During a gubernatorial forum hosted by The Oklahoman early Monday evening, neither Republican Kevin Stitt nor Democrat Drew Edmondson took a direct shot at his opponent. But when moderator and political reporter Chris Casteel asked Edmondson about a third-party TV ad claiming he will wreck Oklahoma’s economy, the former attorney general offered the wisest crack of the night.
“When I saw that ad, I was thinking, ‘Well, if that’s the best they can do, I think I’m gong to be alright,'” Edmondson said, his finger swinging like the advertisement’s cartoon wrecking ball. “Particularly the one knocking the barn down. That’s the most worthless barn I’ve ever seen. There’s no road leading up to it or leading away from it. If I was a farmer, I’d want that barn gone.”
The quip ended up being the closest either candidate got to mentioning agriculture at all, a fact that illustrates how much attention voters, media and candidates are paying to other issues: education, health care, the state budget and governmental corruption.
“We’ve got to fix the funding formula,” Stitt said on multiple occasions when asked about Oklahoma’s education system. “My heart breaks for the teachers. We have got to pay teachers what market is — competitive wages.”
The Tulsa businessman artfully evaded questions about how he would have paid for this year’s teacher pay raise since he strongly opposed the revenue package that paid for it.
But Stitt insisted he had a plan to improve teacher pay further. He also offered specific initiatives to incentivize new-teacher recruitment through signing bonuses and aligning Oklahoma’s teacher certification exam with the Praxis test used in about three dozen states nationally.
Edmondson, on the other hand, emphasized his proposals to raise additional state revenue for education and other initiatives, some of which he believes can be done without the legislative supermajorities required for tax increases.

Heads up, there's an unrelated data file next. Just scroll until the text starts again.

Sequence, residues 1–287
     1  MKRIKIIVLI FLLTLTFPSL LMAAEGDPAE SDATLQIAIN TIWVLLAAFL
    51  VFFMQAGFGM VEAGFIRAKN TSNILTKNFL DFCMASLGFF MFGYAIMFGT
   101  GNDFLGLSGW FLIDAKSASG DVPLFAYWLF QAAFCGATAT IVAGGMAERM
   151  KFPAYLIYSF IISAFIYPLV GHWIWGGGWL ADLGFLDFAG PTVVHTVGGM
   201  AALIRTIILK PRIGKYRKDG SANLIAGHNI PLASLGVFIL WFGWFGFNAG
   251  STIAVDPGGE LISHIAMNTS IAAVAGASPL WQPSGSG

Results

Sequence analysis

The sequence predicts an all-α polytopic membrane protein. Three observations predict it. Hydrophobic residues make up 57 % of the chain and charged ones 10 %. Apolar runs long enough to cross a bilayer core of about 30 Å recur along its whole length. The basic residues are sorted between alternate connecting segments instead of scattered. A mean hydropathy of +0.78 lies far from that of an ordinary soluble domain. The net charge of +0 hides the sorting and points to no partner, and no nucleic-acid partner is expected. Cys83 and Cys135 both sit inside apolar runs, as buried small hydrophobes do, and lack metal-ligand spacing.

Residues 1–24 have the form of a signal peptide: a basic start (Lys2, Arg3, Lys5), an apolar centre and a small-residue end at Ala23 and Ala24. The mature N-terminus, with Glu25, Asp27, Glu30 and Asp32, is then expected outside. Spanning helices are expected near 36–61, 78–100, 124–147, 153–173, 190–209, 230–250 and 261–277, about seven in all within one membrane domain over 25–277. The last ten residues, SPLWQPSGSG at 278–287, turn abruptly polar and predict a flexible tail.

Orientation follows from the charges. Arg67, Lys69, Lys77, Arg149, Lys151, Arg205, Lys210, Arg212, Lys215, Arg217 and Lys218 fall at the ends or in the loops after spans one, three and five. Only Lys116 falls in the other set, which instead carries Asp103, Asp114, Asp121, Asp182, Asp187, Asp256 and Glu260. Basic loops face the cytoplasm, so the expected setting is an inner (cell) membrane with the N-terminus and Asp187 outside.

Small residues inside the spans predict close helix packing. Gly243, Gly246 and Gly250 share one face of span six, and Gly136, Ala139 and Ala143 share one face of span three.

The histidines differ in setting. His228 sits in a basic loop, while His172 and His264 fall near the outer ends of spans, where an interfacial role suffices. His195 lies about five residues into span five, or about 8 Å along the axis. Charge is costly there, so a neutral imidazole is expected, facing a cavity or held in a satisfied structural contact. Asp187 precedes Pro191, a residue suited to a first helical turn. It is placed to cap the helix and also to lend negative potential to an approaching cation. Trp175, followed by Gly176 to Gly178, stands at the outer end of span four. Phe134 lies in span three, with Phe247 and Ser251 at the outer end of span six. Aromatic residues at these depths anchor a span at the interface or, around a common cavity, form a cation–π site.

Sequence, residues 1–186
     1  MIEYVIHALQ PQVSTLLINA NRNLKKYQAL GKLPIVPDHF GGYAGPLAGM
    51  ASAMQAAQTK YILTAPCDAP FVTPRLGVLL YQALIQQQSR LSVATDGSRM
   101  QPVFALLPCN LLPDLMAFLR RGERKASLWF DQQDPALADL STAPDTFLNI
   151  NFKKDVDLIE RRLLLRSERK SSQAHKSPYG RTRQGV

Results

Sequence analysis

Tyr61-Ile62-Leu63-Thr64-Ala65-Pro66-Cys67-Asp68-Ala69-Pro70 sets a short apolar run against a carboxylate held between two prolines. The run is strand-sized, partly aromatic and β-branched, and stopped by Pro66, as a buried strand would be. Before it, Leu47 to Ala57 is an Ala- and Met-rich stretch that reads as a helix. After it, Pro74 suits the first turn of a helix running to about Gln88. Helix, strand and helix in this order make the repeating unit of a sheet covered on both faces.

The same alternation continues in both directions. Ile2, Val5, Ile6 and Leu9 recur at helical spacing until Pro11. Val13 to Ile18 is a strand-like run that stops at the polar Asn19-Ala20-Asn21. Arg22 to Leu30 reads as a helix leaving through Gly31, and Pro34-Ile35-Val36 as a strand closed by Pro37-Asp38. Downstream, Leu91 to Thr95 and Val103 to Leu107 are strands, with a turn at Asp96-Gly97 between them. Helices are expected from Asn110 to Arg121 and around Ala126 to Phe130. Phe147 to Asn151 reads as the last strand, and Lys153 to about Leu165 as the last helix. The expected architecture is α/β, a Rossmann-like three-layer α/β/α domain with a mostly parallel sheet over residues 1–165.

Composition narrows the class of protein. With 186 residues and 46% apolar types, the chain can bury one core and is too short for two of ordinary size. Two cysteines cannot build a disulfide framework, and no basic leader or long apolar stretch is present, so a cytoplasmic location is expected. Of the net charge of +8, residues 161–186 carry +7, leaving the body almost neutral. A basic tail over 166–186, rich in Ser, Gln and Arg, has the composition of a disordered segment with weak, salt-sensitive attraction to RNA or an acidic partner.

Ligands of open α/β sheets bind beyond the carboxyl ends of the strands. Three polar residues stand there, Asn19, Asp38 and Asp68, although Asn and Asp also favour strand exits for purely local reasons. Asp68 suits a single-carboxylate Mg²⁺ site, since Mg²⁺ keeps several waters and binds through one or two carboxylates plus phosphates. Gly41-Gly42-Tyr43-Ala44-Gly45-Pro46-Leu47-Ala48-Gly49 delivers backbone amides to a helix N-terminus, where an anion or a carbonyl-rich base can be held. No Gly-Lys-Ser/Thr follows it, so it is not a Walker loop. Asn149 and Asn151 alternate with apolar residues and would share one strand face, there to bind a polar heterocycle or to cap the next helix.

“If the Legislature won’t do it, we may have to submit [some proposals] to a vote of the people, and I’m ready to do that,” Edmondson said. “We’re going to have a really new Legislature starting in January of 2019.”
The pair of candidates disagreed on State Question 801, which would allow school districts flexibility in how they use a portion of property tax dollars currently earmarked for building funds.
Stitt said he favored the November ballot measure, referencing a western Oklahoma school district he said recently built a new football stadium press box and added artificial turf while simultaneously discussing how they lacked basic classroom supplies. Edmondson said he planned to vote “No” on SQ 801 for fear that it would lead to inequities in funding and provide the Legislature a “cop out” for school funding needs.
Stitt: ‘I want every federal dollar’ except Medicaid expansion
Aside from SQ 801 and a brief exchange about whether gun owners need more protections than are currently afforded by the Second Amendment, Stitt and Edmondson found perhaps their broadest disagreement on the topic of Medicaid expansion.